On April 9, 2020, the Federal Reserve announced that they would inject $2.3 trillion in lending facilities to support the struggling economy, specifically through the Main Street Lending Program and loans to state and local governments. 

This additional sum follows the March 27th CARES Act—a $2 trillion dollar stimulus package signed into law by the President and Congress. While the CARES Act concentrated on small business relief—through popular initiatives like the Paycheck Protection Program (PPP)—the new and expanded lending programs from the Federal Reserve are intended to open up new funding avenues for mid-sized businesses. 

In order to expand the scope of Main Street Loans, the Fed announced updates to the program on April 30, 2020 that included a “priority” loan program, a lower minimum borrowing amount, and new structures for repayment.

What is the Main Street Lending Program?

Through the Federal Reserve, the Main Street Lending Program will purchase up to $600 billion in loans to small- and mid-sized businesses. Loans will be issued through regular banks who will then sell 85-95% of the loan back to a special purpose vehicle created by the Federal Reserve.

The April 30th updates expanded loan limits to businesses with up to 15,000 employees and $5 billion in annual revenue (from 2019). The minimum loan size also decreased to $500,000 (instead of $1 million). 

Updated terms for the Main Street Lending Program are as follows:

Main Street Lending Program
New loans Priority loans Expanded loans
Eligible businesses

Small or mid-size companies that:

  • Have up to 15,000 employees or up to $5 billion in revenue
  • Were established prior to March 13, 2020
Min borrowing amount $500,000 $500,000 $10,000,000
Max borrowing amount $25,000,000 $25,000,000 $200,000,000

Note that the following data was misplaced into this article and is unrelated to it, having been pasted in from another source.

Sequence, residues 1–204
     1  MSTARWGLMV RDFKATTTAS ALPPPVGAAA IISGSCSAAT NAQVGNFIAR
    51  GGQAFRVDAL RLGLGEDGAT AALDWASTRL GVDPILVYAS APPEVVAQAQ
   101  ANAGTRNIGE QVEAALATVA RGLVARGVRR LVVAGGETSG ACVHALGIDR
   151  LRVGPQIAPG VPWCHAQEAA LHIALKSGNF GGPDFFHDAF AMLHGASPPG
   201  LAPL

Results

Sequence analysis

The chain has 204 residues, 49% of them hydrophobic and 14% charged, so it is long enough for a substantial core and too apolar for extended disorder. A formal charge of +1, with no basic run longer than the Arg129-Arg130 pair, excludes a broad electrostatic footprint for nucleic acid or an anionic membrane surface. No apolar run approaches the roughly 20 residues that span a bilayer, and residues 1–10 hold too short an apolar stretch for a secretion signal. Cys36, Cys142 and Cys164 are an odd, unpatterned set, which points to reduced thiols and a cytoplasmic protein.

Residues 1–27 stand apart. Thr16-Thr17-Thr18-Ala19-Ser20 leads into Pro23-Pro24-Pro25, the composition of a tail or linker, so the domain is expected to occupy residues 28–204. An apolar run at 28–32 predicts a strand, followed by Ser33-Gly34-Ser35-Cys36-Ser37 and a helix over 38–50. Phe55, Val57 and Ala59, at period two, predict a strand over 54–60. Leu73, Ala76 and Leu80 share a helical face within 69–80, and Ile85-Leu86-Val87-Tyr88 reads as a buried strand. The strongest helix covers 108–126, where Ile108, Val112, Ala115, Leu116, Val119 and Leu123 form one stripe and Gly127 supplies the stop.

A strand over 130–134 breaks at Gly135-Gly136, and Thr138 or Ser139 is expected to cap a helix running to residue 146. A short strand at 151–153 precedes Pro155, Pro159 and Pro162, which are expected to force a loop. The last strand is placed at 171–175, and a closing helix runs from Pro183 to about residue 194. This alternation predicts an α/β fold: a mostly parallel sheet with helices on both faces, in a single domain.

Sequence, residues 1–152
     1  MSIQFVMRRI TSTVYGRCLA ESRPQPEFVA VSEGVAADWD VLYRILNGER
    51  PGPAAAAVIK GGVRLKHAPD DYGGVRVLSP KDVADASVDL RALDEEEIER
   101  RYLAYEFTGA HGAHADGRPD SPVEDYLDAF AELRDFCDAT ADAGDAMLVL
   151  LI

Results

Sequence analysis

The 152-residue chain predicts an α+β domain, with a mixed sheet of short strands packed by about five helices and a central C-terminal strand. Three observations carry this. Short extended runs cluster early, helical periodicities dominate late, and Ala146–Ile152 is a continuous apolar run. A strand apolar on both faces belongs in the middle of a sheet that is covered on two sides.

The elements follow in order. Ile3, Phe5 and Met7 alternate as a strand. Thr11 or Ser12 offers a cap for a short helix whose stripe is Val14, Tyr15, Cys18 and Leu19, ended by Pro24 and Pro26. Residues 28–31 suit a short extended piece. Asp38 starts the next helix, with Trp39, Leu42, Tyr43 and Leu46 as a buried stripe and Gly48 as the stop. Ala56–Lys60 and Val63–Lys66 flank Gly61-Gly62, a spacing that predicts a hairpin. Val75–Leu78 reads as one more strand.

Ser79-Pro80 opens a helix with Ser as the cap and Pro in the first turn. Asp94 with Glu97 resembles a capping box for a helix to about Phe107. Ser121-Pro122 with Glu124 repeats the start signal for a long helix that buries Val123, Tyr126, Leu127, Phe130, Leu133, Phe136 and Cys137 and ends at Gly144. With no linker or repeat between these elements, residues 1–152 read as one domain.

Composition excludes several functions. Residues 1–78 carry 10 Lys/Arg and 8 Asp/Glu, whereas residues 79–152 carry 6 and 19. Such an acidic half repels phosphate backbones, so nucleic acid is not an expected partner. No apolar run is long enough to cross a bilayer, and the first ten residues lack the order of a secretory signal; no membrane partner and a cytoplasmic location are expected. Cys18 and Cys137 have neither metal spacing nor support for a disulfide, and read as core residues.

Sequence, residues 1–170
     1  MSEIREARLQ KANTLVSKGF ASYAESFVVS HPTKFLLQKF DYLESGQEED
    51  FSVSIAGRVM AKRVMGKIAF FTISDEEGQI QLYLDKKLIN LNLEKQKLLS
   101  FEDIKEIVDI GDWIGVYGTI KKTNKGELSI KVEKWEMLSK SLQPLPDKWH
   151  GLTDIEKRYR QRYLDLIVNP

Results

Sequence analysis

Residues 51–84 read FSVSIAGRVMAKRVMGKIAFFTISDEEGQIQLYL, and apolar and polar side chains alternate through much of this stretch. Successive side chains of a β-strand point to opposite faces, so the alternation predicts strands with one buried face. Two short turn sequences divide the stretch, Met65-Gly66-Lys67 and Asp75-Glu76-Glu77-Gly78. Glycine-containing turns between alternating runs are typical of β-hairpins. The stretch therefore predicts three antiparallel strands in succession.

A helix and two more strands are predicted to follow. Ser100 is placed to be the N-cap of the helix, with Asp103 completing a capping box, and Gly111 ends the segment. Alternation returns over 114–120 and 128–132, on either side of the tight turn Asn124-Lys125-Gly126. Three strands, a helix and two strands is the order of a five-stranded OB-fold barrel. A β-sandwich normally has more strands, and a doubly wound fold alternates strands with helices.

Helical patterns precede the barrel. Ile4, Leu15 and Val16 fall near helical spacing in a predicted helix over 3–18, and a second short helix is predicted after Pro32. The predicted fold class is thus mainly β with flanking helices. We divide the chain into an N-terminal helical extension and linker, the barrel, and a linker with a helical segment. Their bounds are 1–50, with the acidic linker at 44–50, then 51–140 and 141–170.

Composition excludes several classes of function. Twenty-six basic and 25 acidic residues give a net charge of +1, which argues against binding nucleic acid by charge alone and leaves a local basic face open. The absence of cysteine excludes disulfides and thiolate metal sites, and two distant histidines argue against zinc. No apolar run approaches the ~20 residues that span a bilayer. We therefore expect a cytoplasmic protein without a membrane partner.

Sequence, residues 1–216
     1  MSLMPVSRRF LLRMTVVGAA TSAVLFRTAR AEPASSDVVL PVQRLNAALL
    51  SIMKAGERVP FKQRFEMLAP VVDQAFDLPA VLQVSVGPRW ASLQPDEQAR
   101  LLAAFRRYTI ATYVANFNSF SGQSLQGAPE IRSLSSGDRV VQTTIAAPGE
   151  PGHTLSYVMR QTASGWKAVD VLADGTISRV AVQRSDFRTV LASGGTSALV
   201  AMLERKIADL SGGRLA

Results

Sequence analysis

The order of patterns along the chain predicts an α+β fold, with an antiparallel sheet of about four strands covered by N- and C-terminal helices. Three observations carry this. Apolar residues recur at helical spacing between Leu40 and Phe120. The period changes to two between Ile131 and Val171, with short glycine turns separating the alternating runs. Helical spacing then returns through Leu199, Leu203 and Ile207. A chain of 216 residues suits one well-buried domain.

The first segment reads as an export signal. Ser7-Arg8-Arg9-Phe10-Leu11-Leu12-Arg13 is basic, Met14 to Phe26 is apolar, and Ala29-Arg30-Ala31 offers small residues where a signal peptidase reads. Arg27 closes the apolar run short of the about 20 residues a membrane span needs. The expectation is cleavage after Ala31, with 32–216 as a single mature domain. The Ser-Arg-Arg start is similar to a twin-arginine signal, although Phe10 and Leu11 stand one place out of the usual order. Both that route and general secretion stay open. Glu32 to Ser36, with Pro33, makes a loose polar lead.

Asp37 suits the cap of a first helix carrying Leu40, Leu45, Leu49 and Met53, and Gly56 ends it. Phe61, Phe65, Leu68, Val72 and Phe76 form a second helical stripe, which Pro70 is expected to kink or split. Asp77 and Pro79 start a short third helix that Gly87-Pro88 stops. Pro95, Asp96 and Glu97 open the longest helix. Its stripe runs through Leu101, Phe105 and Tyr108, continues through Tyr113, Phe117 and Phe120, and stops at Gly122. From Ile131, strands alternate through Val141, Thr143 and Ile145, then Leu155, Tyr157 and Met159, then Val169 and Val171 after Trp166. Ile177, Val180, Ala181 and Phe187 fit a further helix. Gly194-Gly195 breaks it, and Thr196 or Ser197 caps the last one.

Term length 4 years  4 years  4 years 
Interest rates LIBOR + 3% LIBOR + 3% LIBOR + 3%
Payments Year 1: Deferred

Year 2: 33.33%

Year 3: 33.33%

Year 4: 33.33%

Year 1: Deferred

Year 2: 15%

Year 3: 15%

Year 4: 70%

Year 1: Deferred

Year 2: 15%

Year 3: 15%

Year 4: 70%

Businesses who take out Main Street loans commit to making “reasonable efforts” to keep employees on the payroll. They are also subject to the same lending rules as outlined in the CARES Act (including no buybacks, dividends, or compensation for officers).

While the Main Street lending program has been extended primarily to mid-sized businesses, small businesses can also apply. Even borrowers who have taken out PPP loans can qualify for additional funding through Main Street loans.

Who’s eligible for the Main Street Lending Program?

Businesses with up to 15,000 employees or $5 billion in revenue that were in good financial standing prior to the COVID-19 crisis are eligible for Main Street lending. At this time, nonprofits are not eligible. 

Eligibility criteria for new, priority, and expanded loans are the same.

Other requirements include:

  • Established prior to March 13, 2020
  • Must not be an “Ineligible business” (as defined by the SBA)
  • Must be a U.S. business
  • May only participate in one of the Main Street facilities
  • Must not also participate in the Primary Market Corporate Credit Facility (PMCCF)
  • Must not have received specific support pursuant to the CARES Act 
  • Must be able to make all certifications and covenants required

Though borrowers are limited to participating in one of the Main Street loan facilities, receipt of Paycheck Protection Program loans does not prohibit them from participating. 

Lenders are responsible for determining whether or not borrowers meet all eligibility criteria. (Full details for borrower eligibility are outlined in the FAQs for the Main Street Lending Program).

Who are eligible lenders?

Eligible lenders include financial institutions (like banks and credit unions) that are federally insured or include U.S. branches. Currently, nonbank financial institutions are not considered eligible lenders. 

Banks are incentivized to provide Main Street loans as they get to keep a 5%-15% share. These lenders share risk with the Federal Reserve. 

The risk retention assumed by the banks varies based on the type of loan.

Main Street Lending Program (for lenders)
New loans Priority loans Expanded loans
Eligible lenders Financial institutions, like banks and credit unions (non-banks do not qualify)
Risk retention 5% 15% 5%

Main Street Lending Program: New loans

New loans created under the Main Street Lending Program must have originated after April 24th, 2020. These loans may be secured or unsecured, cap at $25 million, and mature in four years. 

Principal and interest payments are deferred for one year. For years two through four, the payment amounts are divided equally at 33.33%. Prepayments are permitted without penalty.

Main Street New Loan Facility
Eligible businesses

Small or mid-size companies that: